So, this hasn't been mentioned yet, but I had always love love loved the name Bonnie for a little girl, but when I became pregnant with my first, I just didn't feel like the name would work because it seemed so 'white' to me and the child would be Eurasian (That is someone of European and Asian decent, just in case someone might be wondering). I couldn't reconcile the name I loved with a dark haired, dark eyed, dark skinned little girl. So I went with Maia instead.

And then, she turned out to be a boy.

Saly said...

I had to give up Olivia, as you know, because a name starting with O along with our last name would be a curse to any child.

Mommy Brain said...

I just wrote about how I was glad that my sister in law picked a baby girl name that sounded "went with" my daughters' name. Because you're right, Devereaux would have sounded jarring and out of place among William and Robert.

Initials are always important as are thinking about unfortunate initials that girls may have if they marry. My cousin had the first name A., maiden name S., and married a guy with the last name S.

Ami said...

Thanks Swistle, I think I will email you! I'll probably wait until I'm actually pregnant. It'll give me something to do while I'm NOT drinking wine. Heh.

Anonymous said...

I mentioned in another blog that we would name our next baby (if it's a boy) Theodore, but already having a Calvin, it would sound as if we were breeding chipmunks (Alvin, Simon, Theodore).

And, most of my favorite names, both boy's and girl's, begin with C, and I do NOT want matching first letters.

Another bummer - my very favorite girl's name, Felice, turns to mush when pronounced with our last name which begins with S. Same with Miles. And I can't use Judah because our last name would make it sound like Judas.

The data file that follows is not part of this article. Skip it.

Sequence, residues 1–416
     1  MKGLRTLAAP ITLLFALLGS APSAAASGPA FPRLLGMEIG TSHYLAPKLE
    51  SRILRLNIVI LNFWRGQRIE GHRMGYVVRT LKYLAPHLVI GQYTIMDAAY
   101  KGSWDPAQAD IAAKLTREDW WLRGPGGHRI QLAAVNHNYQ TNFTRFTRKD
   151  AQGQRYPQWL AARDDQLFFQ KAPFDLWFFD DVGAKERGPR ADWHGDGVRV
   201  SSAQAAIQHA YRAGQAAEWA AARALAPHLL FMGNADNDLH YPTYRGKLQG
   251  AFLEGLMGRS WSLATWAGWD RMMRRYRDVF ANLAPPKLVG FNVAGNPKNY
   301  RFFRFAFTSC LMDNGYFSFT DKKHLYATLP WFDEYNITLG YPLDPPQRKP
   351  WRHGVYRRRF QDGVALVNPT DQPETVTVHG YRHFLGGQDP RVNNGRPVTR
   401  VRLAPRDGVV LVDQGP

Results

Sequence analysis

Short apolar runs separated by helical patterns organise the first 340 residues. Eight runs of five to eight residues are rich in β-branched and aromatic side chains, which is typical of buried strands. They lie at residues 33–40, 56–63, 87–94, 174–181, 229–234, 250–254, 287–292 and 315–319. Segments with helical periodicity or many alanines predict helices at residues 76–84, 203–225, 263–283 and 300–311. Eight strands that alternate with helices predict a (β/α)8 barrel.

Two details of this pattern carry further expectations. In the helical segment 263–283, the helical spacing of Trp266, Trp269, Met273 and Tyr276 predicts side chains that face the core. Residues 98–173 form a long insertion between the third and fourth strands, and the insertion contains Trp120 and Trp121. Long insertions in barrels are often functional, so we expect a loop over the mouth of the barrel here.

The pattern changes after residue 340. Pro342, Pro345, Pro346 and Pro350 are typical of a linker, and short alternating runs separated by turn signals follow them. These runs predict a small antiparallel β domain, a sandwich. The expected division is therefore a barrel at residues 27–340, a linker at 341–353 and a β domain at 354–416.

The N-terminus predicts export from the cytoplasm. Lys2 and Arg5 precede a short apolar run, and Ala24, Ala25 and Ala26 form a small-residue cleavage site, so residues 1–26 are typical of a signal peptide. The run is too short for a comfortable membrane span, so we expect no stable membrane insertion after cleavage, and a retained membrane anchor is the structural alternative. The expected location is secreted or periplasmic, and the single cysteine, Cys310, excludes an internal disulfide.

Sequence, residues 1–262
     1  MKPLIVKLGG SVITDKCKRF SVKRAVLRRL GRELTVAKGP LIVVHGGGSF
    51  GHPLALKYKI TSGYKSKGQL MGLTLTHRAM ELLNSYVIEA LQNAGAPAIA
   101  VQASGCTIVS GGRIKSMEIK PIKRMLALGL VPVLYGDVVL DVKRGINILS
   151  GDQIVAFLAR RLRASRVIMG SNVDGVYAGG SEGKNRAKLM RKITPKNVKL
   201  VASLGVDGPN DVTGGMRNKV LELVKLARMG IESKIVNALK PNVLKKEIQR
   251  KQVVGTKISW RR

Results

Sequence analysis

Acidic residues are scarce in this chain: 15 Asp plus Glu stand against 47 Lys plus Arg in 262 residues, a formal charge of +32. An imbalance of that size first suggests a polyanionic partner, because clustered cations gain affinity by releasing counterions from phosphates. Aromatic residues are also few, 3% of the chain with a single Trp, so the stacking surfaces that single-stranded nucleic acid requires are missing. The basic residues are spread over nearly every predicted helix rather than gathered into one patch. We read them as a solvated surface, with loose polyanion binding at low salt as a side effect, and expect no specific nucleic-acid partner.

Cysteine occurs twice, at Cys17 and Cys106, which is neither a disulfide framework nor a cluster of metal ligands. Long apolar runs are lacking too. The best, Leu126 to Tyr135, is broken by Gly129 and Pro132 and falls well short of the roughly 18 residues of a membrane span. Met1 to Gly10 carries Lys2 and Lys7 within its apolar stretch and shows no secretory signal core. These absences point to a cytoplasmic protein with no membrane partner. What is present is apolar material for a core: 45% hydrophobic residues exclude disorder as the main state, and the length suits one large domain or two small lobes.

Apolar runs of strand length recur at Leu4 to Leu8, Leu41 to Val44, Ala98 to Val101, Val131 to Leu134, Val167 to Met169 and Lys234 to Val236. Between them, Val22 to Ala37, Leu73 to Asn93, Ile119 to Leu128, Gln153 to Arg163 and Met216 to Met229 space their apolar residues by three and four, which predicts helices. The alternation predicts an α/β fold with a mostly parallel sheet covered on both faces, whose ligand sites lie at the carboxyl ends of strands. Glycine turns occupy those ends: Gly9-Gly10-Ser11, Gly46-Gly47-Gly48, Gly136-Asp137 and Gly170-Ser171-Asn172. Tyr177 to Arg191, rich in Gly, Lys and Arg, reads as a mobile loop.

Anonymous said...

Having a surname that could tell me how sophisticated my neighbors are based on their reactions ("Mayo as in the condiment?" vs "Mayo as in the clinic?"), we've had to be careful. I've sadly ditched Duncan (condiment association), Mary (shares almost all the same letters), and Willow and Milo (rhymes) so far, and I anticipate having to ditch other names, as well. I'll also need to look out for names that spell out LAM and ATM and such (though I've been blessed in finding an ALM and a GEM).

Barb said...

Misty- my husband actually has a cousin of Eurasian descent named Bonnie and it totally fits her!

marilyn c. cole said...

My mom always had "Nicole" in her mind as her daughter's name, until she went and became Mrs. Cole!

Now it's nice because I love the name Nicole (and Cole) too, and will let me carry on my maiden name to my kids.

Anonymous said...

My last name is in and of itself rather unfortunate - remove one consonant and suddenly everyone's "gay" My brother and I were tormenred with this as children.

Thankfully, my newest addition has Daddy's last name. The only issue we ran into was people constantly asking if we were going to name him Billy-Bob (as in Angelina Jolie's ex)
Coming up with a middle namr for Shaun was difficult - bf wanted to use his Dad's name, but then we'd have a little "Shaun John" ew.